“Developing such a peer-support network will be particularly valuable for those whose roles will entail receiving disclosures, recognising the emotionally distressing and/or ‘triggering’ nature of such work.

“Those who receive disclosures will require both emotional and professional support.”

The report calls for significant further funding to be made available in the area of sexual misconduct management, both at a national level and institutional level.

It recommends the creation of new posts such as a “sexual misconduct prevention and response manager” in institutions, to be supported at a national level by a sectoral representative and a panel of trained investigators.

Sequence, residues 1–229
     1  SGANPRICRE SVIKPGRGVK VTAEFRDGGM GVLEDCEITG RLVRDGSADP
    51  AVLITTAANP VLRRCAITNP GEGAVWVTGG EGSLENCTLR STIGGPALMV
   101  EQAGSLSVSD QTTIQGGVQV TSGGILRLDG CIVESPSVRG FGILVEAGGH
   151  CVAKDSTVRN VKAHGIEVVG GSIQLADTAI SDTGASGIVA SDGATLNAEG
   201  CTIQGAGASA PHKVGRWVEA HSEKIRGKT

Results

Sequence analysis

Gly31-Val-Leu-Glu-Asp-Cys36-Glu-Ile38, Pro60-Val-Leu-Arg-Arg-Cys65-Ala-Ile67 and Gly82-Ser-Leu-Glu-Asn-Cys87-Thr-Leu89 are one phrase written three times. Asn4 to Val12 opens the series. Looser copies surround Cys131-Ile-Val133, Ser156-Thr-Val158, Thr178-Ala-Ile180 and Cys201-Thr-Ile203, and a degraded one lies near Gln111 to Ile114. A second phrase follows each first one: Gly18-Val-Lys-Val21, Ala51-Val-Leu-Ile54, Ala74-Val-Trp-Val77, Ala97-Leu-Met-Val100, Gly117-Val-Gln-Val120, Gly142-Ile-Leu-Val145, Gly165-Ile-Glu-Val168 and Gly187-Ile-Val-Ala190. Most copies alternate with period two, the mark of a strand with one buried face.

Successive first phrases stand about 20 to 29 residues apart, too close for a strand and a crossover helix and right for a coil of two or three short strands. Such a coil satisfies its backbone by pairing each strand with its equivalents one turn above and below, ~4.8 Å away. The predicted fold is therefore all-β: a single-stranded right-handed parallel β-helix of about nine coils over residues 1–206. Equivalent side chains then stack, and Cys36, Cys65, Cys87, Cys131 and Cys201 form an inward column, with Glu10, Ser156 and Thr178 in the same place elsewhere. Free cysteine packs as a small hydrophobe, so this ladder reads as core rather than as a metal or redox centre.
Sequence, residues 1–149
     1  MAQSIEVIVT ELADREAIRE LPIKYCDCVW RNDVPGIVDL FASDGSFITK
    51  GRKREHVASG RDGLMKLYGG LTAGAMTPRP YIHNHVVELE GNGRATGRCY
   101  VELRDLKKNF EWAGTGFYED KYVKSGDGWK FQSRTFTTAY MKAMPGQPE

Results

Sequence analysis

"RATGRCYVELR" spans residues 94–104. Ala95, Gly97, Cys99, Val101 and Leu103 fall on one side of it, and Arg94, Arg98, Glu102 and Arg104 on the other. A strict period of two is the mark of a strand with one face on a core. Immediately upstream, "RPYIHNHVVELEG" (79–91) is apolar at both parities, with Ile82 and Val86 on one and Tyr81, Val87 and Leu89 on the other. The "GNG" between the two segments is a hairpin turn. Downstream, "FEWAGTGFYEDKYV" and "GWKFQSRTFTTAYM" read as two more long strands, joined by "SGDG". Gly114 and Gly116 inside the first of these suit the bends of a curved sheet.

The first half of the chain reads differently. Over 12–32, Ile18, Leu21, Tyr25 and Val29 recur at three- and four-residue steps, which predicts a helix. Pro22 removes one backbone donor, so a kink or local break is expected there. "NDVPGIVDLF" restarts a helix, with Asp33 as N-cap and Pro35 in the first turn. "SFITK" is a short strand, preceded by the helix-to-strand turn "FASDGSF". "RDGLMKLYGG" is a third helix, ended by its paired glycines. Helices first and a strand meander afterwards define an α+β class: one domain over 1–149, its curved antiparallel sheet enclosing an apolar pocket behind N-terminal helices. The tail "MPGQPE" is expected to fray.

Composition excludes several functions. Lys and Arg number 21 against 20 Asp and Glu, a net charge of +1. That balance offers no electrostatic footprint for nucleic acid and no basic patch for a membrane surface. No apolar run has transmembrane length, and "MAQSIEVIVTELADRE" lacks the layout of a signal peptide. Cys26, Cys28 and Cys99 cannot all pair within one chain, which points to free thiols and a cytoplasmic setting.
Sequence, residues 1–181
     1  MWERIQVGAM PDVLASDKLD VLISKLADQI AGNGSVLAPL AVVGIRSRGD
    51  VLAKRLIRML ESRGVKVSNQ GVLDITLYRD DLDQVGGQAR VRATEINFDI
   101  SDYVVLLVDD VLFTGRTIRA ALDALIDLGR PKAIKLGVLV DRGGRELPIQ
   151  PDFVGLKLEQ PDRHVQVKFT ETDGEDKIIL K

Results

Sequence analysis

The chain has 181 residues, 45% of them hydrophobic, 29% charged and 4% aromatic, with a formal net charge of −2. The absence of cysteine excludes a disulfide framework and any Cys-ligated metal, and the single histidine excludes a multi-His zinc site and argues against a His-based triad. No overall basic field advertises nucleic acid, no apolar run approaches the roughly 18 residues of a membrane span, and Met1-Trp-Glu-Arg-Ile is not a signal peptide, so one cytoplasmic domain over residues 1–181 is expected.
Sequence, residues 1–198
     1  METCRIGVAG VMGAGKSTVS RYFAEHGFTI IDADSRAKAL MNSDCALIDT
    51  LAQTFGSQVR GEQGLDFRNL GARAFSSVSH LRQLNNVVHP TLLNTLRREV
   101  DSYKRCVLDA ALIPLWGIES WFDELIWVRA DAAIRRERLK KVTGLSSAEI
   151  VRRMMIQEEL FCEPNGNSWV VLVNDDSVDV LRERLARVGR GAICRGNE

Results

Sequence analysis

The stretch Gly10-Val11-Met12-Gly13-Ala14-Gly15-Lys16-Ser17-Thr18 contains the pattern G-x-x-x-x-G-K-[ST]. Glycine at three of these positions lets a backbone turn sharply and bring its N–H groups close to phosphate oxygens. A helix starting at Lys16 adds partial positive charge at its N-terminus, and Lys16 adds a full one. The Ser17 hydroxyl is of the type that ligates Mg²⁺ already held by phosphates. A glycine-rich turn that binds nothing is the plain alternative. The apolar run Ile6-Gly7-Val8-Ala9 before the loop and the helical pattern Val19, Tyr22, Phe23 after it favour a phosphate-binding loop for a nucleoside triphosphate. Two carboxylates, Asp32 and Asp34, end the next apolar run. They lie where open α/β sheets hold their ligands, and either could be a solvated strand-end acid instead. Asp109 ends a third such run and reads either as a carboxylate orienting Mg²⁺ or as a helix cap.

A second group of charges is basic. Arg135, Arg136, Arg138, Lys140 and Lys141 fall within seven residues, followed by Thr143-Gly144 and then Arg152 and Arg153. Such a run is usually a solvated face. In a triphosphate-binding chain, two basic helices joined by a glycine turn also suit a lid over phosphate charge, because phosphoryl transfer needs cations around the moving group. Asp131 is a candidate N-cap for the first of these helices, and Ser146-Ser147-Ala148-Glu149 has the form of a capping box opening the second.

Training for staff and students is identified as a key priority for institutions, along with increased visibility of supports, services, and communications in this area across institutions.

THEA policy analyst and author of the report, Dr Eavan O’Brien said: “Rather than the end, this report is just the beginning.

“Sexual violence and harassment are generally related to power.

“We must examine structural inequities that are the drivers of unacceptable behaviour and that set the conditions for abuse of power.

“This includes challenging and dismantling sexism, racism, ableism, and discrimination based on gender identity, expression, and sexual orientation.

“We must also recognise, as a society, that we will be more successful in eradicating these behaviours if we educate and raise awareness of sexual consent at primary and post-primary levels.”